Paula M. Petrone, Christopher D. Snow, Del Lucent, and Vijay S. Pande
Proceedings of the National Academy of Sciences, USA 2008
SUMMARY The ribosome is a fascinating molecular machine, responsible for the synthesis of proteins. For this reason it is of fundamental importance to protein folding (as the last step in the central dogma of biology) as well as to human health (since the ribosome is the target of a very large fraction of antibiotics). One of the questions revolving around ribosome function is why is there a large tunnel inside the ribosome, through which proteins exit after being synthesized. In this paper, we used “bigWU” classic clients (clients which allow larger systems to run) since the ribosome is so huge that it would not run on regular classic clients. The primary goal of this paper was to analyze the surface of the ribosome tunnel. Understanding the nature of this surface would be useful for both understanding the fundamental nature of protein synthesis as well as how key antibiotics interact with the ribosome. An interesting related discovery was the identification of a potential “ribosome gate” which can open and close selectively, based on what is interacting with the gate. This suggests novel hypotheses for several aspects of ribosome function as well as interesting new directions for work on studying the ribosome and for new routes for antibiotics.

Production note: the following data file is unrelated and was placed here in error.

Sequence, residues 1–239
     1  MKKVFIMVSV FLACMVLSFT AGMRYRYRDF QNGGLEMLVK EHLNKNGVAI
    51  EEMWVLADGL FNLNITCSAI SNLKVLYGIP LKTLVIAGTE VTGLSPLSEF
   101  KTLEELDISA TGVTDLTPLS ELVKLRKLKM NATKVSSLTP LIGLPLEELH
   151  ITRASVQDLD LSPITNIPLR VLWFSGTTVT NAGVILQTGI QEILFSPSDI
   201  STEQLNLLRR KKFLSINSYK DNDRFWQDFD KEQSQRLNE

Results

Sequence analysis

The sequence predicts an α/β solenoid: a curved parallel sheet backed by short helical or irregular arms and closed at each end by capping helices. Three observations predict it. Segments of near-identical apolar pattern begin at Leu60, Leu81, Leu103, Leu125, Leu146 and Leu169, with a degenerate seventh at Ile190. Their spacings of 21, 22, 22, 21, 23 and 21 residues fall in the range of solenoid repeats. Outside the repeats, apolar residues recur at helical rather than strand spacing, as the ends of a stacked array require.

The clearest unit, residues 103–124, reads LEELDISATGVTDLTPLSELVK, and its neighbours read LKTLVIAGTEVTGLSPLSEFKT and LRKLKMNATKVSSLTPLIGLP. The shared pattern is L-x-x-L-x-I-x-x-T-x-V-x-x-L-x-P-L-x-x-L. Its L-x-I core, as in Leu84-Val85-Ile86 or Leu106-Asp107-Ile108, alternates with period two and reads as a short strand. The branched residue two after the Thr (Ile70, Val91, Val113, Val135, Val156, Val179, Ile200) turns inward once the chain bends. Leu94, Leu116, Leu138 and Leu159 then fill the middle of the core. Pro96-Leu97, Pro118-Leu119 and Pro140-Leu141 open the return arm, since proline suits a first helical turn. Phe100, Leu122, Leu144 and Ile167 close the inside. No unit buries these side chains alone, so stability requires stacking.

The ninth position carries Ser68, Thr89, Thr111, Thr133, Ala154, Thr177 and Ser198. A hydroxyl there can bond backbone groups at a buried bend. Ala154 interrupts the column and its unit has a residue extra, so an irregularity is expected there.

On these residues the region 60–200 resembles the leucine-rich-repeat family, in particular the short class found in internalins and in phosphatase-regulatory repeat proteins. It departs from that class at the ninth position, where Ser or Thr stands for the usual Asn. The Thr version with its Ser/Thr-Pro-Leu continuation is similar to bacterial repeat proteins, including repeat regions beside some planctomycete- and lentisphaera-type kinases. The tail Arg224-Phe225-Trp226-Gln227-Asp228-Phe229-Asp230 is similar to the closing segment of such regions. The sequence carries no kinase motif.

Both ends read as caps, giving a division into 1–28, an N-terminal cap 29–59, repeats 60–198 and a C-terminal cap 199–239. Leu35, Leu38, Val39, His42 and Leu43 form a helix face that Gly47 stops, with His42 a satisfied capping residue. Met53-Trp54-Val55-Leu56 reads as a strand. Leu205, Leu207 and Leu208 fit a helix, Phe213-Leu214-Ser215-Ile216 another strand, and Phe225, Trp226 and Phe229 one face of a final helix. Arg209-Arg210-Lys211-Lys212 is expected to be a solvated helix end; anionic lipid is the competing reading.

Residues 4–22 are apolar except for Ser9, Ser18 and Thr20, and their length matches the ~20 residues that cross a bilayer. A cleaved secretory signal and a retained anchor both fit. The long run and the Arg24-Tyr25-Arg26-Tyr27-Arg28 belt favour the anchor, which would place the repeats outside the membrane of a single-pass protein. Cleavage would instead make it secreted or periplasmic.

ABSTRACT The ribosome is a large complex catalyst responsible for the synthesis of new proteins, an essential function for life. New proteins emerge from the ribosome through an exit tunnel as nascent polypeptide chains. Recent findings indicate that tunnel interactions with the nascent polypeptide chain might be relevant for the regulation of translation. However, the specific ribosomal structural features that mediate this process are unknown. Performing molecular dynamics simulations, we are studying the interactions between components of the ribosome exit tunnel and different chemical probes (specifically different amino acid side chains or monovalent inorganic ions). Our free-energy maps describe the physicochemical environment of the tunnel, revealing binding crevices and free-energy barriers for single amino acids and ions. Our simulations indicate that transport out of the tunnel could be different for diverse amino acid species. In addition, our results predict a notable protein–RNA interaction between a flexible 23S rRNA tetraloop (gate) and ribosomal protein L39 (latch) that could potentially obstruct the tunnel’s exit. By relating our simulation data to earlier biochemical studies, we propose that ribosomal features at the exit of the tunnel can play a role in the regulation of nascent chain exit and ion flux. Moreover, our free-energy maps may provide a context for interpreting sequence-dependent nascent chain phenomenology.